Finn was talking the other day about a little quilt she made with 'Southern Mammies' on it and how politically incorrect that might be perceived to be in these times. It put me in mind of a Welcome Banner I made for our old church in Gloucester. The photo is the only record I have of it now.

The church had links with a church and school in Calcutta, India (think that it's now known as Kolcatta but don't quote me on that)

We were to receive a visit from the minister of this church at an All Age Worship family service and our minister asked at the planning meeting if someone could make a banner with the word 'welcome' in various different languages.

I think he probably expected something drawn out in marker pens on a length of lining paper.

I volunteered and made the quilted hanging you can get the gist of in the pictures

I had the idea to make a group of multi-cultural children with various speech bubbles around them each with the word in a different language.

The only pre-requisite was that there should be space left for our visitor to write the word in his native language of Bengali - so I duly left him a bubble and a marker pen to write in it

The children include little versions of my own at that age - Sarah is second from left on the front row with her mid brown bob, Nick is the ginger haired boy in the middle row and Lou is the little blonde at the back.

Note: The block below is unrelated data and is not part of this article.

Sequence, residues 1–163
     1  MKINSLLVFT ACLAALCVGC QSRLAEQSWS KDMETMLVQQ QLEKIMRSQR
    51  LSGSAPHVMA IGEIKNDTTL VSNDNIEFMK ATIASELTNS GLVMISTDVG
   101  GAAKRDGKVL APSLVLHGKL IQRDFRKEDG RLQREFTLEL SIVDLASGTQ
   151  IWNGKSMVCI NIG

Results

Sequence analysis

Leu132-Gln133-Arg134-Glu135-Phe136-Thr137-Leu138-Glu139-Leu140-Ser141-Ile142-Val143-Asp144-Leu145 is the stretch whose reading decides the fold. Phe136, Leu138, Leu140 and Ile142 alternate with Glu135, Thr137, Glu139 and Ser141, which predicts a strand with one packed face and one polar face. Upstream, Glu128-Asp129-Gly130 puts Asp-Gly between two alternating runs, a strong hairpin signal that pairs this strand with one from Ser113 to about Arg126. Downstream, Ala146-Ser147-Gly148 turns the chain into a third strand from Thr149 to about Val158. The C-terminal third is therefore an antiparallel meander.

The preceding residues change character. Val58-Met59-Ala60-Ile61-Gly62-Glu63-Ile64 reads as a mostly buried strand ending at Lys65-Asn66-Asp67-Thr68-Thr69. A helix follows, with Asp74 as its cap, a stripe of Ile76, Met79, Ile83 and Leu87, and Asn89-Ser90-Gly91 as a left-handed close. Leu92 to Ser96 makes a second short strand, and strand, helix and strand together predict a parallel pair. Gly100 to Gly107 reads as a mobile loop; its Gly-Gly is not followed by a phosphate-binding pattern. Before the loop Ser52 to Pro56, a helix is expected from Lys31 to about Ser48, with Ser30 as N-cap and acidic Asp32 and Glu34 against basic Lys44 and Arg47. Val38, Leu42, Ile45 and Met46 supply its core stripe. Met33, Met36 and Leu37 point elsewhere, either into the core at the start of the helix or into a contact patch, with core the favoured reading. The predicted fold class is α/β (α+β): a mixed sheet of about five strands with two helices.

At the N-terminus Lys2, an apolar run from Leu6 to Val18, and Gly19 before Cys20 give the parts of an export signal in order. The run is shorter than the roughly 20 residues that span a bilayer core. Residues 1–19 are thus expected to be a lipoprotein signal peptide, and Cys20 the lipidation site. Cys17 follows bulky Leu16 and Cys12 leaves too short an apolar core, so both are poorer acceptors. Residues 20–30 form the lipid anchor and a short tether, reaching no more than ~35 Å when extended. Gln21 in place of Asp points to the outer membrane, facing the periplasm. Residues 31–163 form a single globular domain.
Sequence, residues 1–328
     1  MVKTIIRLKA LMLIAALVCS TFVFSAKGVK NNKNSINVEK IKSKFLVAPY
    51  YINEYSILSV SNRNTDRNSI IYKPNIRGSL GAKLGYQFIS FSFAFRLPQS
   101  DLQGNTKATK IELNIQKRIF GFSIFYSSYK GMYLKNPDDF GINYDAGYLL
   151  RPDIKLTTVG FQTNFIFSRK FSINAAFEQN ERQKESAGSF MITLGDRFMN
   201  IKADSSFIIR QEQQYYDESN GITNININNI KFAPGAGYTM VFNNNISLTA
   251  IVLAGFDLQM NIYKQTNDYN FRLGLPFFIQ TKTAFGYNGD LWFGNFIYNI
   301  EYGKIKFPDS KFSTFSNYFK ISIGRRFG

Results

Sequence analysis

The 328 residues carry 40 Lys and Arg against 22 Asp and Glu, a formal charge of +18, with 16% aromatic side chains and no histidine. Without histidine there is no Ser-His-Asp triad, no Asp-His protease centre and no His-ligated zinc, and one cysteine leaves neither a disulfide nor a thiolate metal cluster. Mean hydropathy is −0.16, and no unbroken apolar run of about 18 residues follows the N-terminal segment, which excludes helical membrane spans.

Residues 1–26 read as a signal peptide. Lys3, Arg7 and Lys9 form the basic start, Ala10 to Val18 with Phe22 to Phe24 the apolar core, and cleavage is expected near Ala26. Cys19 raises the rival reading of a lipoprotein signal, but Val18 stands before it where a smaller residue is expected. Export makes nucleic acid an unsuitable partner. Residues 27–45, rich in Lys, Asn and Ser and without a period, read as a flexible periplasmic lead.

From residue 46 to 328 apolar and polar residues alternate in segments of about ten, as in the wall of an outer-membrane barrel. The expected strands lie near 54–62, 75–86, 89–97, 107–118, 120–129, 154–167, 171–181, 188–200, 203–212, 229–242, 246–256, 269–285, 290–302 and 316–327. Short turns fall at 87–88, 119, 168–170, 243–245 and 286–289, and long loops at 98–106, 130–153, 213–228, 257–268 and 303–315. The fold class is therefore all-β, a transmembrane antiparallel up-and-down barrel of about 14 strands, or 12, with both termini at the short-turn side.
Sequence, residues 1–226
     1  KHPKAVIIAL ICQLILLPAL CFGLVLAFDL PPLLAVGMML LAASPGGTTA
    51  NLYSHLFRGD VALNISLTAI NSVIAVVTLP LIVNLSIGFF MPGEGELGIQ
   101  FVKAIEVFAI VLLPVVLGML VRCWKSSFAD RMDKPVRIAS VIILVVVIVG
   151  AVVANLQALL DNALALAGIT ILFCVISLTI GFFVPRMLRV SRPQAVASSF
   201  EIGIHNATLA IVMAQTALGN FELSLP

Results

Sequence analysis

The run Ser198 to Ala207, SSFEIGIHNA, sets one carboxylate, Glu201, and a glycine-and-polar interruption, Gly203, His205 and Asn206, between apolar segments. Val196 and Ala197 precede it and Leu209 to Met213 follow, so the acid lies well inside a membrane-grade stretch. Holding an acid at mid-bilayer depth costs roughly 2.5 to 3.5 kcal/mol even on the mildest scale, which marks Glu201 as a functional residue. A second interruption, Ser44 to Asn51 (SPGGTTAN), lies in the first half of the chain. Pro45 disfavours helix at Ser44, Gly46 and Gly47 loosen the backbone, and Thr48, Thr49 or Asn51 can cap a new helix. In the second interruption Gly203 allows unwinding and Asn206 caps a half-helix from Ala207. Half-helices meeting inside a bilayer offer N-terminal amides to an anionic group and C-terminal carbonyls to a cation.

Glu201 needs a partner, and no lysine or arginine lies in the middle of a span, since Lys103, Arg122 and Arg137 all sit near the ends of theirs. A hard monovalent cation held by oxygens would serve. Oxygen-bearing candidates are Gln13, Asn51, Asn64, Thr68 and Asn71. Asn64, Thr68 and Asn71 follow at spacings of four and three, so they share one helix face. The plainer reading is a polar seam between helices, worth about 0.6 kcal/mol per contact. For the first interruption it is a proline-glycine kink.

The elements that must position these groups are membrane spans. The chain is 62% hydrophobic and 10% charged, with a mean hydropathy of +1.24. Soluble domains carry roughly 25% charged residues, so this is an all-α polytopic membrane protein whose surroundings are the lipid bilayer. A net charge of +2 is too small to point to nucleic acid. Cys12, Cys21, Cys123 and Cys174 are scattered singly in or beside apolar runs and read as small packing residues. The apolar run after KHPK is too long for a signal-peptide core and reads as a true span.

The other children depict various races, the very dark skinned Indian girl has a sequin for her bindi on her forehead. All the children have exactly the same black buttons for eyes and big white semi-circle toothpaste ad type smiles.

When I took it round to The Manse to hand it over the Minister was in the middle of a meeting and so hurriedly took the rolled up hanging that I'd ceremoniously wrapped in black bin liners and thanked me in a distracted fashion to dash back to his meeting

He phoned me an hour or so later lost for words as it was a total surprise and 'far exceeded his expectations' (his words not mine)

I wish I'd thought to go back and take a better digital picture of it before I left but hindsight is always 20/20 vision

The Piggiosaurus

Lots of different bloggers have been talking about pincushions lately, so I thought I'd show you mine

I'm a great lover of the magnetic ones - as you can see from the photo it's by no means just for pins - basically it catches anything metal that I throw at it from pins and needles to empty bobbins and I have about four of this type of pincushion. Every now and then I have a real good sort out and separate their contents so each one houses something different but of course in mid creative flow I'm not quite anal enough to keep their contents segregated immaculately.

The other pictures show the two sides of my piggy - he was a secret santa present a couple of years ago and I keep him specially for my flower headed pins. The kids occasionally get hold of him and arrange the pins in a 'spine' all down his back - hence the name Piggyosaurus!